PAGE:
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Mini reveals electric vehicle trial findings

Mini’s field trial of its electric Mini E have shown that the average daily distance driven was 29.7 miles with virtually all recharding carried out at home.

The field trial had 62 members of the public and 76 pool users running the battery-powered hatchbacks over two six-month periods.

The daily journey distance of 29.7 miles was slightly more than the 26.5 miles recorded by the control cars, a mix of Mini Coopers and BMW 116i models. The UK average daily distance driven for private cars overall is less than 25 miles.

With information gathered by on-board data-loggers, the average single trip distance was recorded as 9.5 miles compared to the UK average of 7 miles.

Data was collected electronically by data-loggers in the car and the home charging points, and also from driver research carried out by Oxford Brookes University.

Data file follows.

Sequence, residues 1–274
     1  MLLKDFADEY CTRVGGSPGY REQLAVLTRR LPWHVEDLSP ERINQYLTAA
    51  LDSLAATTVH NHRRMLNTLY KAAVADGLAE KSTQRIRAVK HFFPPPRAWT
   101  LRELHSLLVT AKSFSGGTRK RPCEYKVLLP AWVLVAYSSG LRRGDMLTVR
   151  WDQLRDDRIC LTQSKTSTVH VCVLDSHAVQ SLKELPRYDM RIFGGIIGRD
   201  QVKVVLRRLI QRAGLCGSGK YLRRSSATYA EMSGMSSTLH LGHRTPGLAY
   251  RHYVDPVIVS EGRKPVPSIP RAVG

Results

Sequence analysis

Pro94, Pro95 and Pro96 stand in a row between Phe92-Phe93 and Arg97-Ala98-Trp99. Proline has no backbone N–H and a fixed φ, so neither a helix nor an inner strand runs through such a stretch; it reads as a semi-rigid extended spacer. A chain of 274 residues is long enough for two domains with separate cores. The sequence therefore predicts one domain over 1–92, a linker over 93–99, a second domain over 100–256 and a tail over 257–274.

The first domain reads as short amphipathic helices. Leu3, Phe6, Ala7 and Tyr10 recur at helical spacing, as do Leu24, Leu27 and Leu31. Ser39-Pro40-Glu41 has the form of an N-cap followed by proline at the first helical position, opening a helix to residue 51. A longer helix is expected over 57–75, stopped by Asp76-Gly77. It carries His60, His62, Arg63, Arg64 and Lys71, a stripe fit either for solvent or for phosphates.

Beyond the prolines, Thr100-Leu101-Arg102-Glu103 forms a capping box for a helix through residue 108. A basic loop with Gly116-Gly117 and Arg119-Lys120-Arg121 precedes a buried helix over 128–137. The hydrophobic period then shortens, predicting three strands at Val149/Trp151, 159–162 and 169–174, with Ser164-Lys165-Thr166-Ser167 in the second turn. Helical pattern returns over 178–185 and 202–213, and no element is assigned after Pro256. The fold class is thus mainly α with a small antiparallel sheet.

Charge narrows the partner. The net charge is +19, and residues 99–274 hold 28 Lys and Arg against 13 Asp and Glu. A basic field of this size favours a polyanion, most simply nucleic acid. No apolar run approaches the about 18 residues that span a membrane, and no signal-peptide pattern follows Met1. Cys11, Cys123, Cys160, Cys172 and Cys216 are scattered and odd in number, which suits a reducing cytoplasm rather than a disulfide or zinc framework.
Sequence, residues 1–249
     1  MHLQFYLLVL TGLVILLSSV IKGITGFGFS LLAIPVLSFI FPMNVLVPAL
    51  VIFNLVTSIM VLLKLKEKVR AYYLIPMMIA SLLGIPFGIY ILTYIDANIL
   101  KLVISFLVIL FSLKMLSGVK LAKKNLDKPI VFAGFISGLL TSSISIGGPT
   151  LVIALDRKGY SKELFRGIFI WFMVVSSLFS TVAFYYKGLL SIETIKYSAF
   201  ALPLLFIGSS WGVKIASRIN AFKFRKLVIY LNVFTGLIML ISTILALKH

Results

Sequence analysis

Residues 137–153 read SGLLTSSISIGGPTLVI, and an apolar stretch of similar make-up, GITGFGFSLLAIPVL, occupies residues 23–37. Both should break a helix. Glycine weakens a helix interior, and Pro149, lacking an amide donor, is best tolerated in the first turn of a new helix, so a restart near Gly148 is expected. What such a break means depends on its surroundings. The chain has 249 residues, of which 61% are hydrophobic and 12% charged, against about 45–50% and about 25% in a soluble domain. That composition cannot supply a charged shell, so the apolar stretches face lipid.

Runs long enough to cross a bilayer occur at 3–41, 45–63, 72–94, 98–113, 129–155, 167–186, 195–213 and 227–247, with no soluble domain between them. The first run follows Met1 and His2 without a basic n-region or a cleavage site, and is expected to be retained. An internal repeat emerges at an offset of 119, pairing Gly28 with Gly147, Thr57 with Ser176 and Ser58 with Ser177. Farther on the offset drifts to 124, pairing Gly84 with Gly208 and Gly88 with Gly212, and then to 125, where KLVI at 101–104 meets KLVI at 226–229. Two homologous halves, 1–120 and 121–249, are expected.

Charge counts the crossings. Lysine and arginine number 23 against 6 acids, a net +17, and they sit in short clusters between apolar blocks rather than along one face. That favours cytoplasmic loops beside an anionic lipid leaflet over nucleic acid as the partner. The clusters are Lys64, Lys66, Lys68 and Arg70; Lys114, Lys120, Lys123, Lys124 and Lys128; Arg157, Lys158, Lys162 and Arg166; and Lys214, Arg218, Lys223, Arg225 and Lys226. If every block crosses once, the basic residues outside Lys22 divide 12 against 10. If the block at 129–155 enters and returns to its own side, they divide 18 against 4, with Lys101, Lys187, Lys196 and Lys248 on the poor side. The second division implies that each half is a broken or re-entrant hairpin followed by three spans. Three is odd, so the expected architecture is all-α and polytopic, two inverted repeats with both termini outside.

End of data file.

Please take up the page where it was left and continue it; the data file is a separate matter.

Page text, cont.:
The early findings have already informed the development of the 2011 BMW ActiveE car, a four-seat car based on the BMW 1 Series Coupe, but the biggest beneficiary will be the BMW i3, the first purpose-built EV from the BMW Group, set for launch in 2013.

Almost all participants (96%) said they’d consider buying an electric car as a result of taking part, and half (51%) revealed they would pay a third more for an EV. A third (30%) said they’d consider taking the plunge within a year, while 55% said they’d hold fire for two or more years.


The trial found that one week was all that was needed for customers to adapt to the characteristics and peculiarities of driving an EV, such as charging, range, regenerative braking and low noise. However those company car drivers invited to use the Mini E as a pool car on a less frequent basis needed increased training and support during the initial period of vehicle use in order to consolidate their learning.